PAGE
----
There was no consensus among Caricom heads over this country's move to partially withdraw from the British Privy Council in terms of criminal appeals and replace it with the Caribbean Court of Justice (CCJ), Prime Minister Kamla Persad-Bissessar said last night.
Persad-Bissessar disclosed this to the media at a news conference at the VIP lounge of Piarco International Airport, upon her return from St Lucia where she attended a Caricom meeting.
In April this year, Persad-Bissessar made the historic announcement that legislation would be brought to Parliament by her Government to facilitate the partial withdrawal from the Privy Council.
"The Caricom operates in a particular way; you must have a consensus of views to get a decision; there was no consensus on this matter as some of the heads were of the view that they needed more information and research with respect to the legal implications of such an amendment, so that issue remains open," said Persad-Bissessar.
She said there are differences in legal opinions in that some argue that the treaty needs to be amended to facilitate the partial withdrawal from the CCJ while others have expressed that it was not necessary.
Persad-Bissessar said there was no time frame set as to when Caricom heads would again consider the matter, but she assured her Cabinet will be looking at the issue as early as its next Cabinet meeting.
The Prime Minister said she raised the issue for discussion at the Caricom meeting "out of an abundance of caution", and she respects the views of all the Caricom leaders.
As it stands now, Persad-Bissessar said the Privy Council remains this country's final appellate court as she noted it is enshrined in our Constitution and a two-thirds majority of Parliament is required for any such amendment.
She noted further that only three countries, Guyana, Belize and Barbados, have subscribed to making the CCJ its final appellate court.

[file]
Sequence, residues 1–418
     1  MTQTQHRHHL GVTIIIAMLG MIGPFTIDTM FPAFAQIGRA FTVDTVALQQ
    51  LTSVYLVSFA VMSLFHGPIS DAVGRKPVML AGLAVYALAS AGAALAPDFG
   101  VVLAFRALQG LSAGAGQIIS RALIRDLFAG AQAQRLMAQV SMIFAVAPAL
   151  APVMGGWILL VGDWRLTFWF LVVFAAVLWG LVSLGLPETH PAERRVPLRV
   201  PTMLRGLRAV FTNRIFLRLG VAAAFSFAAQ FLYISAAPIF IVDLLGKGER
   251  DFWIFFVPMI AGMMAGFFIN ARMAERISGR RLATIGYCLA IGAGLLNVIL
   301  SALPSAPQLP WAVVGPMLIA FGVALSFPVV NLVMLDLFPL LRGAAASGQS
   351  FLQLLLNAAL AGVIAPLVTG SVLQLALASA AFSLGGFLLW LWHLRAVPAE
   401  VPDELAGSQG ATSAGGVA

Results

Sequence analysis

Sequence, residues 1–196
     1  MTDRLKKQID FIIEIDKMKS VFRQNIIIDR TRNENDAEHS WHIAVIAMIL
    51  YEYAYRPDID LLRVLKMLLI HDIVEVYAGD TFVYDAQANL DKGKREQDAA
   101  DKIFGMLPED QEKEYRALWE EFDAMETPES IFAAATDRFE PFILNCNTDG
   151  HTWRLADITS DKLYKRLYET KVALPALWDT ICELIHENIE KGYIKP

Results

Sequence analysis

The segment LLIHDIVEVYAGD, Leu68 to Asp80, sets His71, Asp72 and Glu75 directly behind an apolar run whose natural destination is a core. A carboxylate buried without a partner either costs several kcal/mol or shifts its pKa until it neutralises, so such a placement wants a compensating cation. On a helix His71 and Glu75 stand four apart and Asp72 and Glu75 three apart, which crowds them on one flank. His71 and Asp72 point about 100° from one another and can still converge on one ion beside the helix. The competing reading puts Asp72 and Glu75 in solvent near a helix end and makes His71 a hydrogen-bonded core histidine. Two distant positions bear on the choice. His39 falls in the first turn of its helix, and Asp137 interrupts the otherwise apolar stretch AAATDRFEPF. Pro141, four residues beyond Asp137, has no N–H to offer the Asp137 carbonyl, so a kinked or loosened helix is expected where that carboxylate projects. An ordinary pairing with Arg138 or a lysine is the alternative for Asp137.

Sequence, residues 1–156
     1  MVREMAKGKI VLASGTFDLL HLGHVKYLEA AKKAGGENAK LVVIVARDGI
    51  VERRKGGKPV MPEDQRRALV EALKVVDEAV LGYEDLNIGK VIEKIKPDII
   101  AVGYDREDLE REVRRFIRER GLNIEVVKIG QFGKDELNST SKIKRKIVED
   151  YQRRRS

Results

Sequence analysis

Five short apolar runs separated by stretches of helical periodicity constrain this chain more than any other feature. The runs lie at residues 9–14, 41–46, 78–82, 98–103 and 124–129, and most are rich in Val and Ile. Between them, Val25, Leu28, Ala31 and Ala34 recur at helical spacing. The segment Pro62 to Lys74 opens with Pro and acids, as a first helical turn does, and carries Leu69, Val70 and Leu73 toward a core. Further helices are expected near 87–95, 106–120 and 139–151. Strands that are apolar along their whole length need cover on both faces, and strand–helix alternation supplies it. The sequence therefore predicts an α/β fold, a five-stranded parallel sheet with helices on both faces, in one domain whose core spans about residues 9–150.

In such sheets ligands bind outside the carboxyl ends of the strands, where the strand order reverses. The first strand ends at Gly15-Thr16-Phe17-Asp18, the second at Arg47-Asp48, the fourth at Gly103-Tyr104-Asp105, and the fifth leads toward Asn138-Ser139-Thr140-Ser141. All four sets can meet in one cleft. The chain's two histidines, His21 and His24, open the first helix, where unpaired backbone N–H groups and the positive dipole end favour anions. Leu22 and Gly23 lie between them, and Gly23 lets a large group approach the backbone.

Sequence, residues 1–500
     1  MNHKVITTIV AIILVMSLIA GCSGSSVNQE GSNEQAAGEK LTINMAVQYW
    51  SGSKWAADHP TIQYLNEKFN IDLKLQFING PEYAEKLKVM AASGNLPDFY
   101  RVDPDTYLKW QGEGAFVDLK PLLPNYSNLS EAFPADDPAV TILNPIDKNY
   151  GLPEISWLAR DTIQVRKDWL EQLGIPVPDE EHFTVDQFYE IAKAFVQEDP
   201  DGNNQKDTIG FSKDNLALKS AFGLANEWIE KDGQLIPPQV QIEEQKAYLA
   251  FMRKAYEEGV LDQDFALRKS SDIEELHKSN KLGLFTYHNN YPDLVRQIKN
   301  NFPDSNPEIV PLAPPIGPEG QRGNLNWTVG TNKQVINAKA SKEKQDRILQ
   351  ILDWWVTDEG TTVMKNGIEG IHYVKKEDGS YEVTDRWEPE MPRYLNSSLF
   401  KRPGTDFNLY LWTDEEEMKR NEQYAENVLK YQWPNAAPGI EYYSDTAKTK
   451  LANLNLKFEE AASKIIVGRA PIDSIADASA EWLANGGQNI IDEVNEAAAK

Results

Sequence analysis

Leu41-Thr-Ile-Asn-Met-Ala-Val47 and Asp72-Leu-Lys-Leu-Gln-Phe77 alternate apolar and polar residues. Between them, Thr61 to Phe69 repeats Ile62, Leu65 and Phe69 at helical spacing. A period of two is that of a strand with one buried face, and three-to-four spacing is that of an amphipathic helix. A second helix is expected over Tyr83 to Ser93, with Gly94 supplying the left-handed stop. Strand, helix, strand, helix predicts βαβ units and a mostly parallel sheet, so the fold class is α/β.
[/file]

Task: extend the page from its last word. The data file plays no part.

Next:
Asked whether she saw the no support from Caricom over the partial withdrawal from the Privy Council as a blow, Persad-Bissessar responded, "I don't see it as a blow; we work together as heads of the region; people share, they have different views.... I see it as a process, it is part of a process."
"Whilst we had the Privy Council from day one, I cannot see that within a matter of weeks or months that something can be changed overnight," she added.
She pointed out that Article 28 of the treaty states there must be consensus at Caricom and, therefore, leaders acted within the tenet of the law.
Questioned as to whether she would again consult with the Opposition People's National Movement (PNM) on the matter, Persad-Bissessar said she does not see any useful purpose in doing so as the Opposition has already indicated their position —that they support a full and not a partial withdrawal from the Privy Council.
The Prime Minister, when questioned, steered clear of commenting on the controversial move last Wednesday by National Security Minister Jack Warner to oversee the demolition of the campsite of the Highway Re-Route Movement, who are opposed to the Debe to Mon Desir segment of the Point Fortin Highway.
Persad-Bissessar said she was advised that the matter was going to be litigated upon and, therefore it would be sub judice for her to comment.